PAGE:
Retirement savings legislation can overcome gridlock, lawmaker says

Retirement savings legislation is likely to overcome congressional gridlock next year and advance, a Senate author of one of the bills said Wednesday.

Senate control rests on the outcome of two January runoffs in Georgia, and the Democratic majority in the House has narrowed following the election. But boosting retirement nest eggs is something that draws agreement across the aisle, said Sen. Rob Portman, R-Ohio.

“Regardless of who gets the majority in the Senate come January, this is an area where we have the potential to make some real progress because I think it has been and will be bipartisan,” Portman said at an online hearing of the Senate Finance Subcommittee on Social Security, Pensions and Family Policy. “The idea of being able to save more for your own retirement is just broadly popular.”

The meeting, which Portman chaired, focused on a wide-ranging bill he wrote with Sen. Ben Cardin, D-Md., that is designed to expand workplace savings plans and increase the amount of money people put away for retirement.

It contains many of the same provisions that are included in a bill introduced in October by House Ways and Means Committee Chairman Richard Neal, D-Mass., and the panel’s highest-ranking Republican, Kevin Brady of Texas.

The Portman-Cardin and Neal-Brady bills would build on the SECURE Act, landmark legislation that was approved by Congress in 2019. The Senate measure and the House bill, known as SECURE 2.0, provide momentum in each chamber for more retirement savings legislation.

“It’s a really good starting point,” Portman said. “It gives us a great opportunity to get something done.”

It’s not likely that the Portman-Cardin or Neal-Brady legislation will advance during the lame-duck session of Congress this year given political challenges surrounding government funding and pandemic relief measures.  They’ll be on the launch pad for early next year, after each is reintroduced.

“They’re effectively ready,” said a lobbyist working on the issue. “We’re waiting on the legislative vehicle to pull it over the finish line.”

The Portman-Cardin bill would increase the tax credit for small businesses to establish new retirement plans, provide incentives for more generous auto-enrollment plans, boost catch-up contribution limits for people over 60, increase the requirement minimum distribution age for retirement plans to 75 and implement a tax credit for low-income savers, among many other provisions.

“If enacted, the retirement preparedness of the America worker would significantly improve,” Scott Barr, a financial adviser at Edward Jones in Zanesville, Ohio, told lawmakers during the hearing.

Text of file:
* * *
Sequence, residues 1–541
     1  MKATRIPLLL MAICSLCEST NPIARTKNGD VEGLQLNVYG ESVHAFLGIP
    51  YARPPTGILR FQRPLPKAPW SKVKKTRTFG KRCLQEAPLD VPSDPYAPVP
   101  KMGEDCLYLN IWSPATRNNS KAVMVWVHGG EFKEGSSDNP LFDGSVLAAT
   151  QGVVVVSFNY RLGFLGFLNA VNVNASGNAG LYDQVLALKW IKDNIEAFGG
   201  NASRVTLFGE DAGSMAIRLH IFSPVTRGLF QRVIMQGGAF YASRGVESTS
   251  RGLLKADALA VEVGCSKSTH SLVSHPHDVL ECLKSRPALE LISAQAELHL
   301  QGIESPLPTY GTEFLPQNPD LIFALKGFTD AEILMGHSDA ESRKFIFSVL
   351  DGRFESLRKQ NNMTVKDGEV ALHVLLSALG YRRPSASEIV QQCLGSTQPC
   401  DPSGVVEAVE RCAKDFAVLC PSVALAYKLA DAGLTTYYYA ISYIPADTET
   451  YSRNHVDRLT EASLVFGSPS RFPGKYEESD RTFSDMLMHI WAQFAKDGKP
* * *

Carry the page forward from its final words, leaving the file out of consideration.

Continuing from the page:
He said the start-up tax credit for small employers would increase workplace retirement savings coverage. “In my experience, employer cost is the most significant barrier to the creation of workplace retirement plans,” Barr said.

For individual savers, raising the RMD age is crucial.

“This change would help address the greatest concern I hear most often — that [clients] will outlive their savings and become a burden,” Barr said.

The Portman-Cardin bill also would allow employers to make a contribution to an employee’s retirement account that matches the employee’s student loan payment.

The student debt and catch-up contribution provisions are important for helping young workers get started on retirement savings and allowing older workers to bolster their accounts, said Eric Stevenson, president of retirement plans at Nationwide.

“Increasing the amount available and promoting catch-up contributions in the way outlined in your bill could play a significant role in closing the gap for savers, especially those nearing retirement,” Stevenson told lawmakers.

Support for auto-enrollment and auto-escalation of contributions to workplace retirement plans came up frequently in the hearing.

“Auto-enrollment is a best practice in helping people save,” said Sen. Sherrod Brown, D-Ohio and ranking member of the Senate Finance subcommittee that met on Wednesday.

Workers are happy to have savings accumulate, Stevenson said.

“Once people get started, they get into the habit,” he said. “When they see that balance grow, they’re glad they [have an account].”

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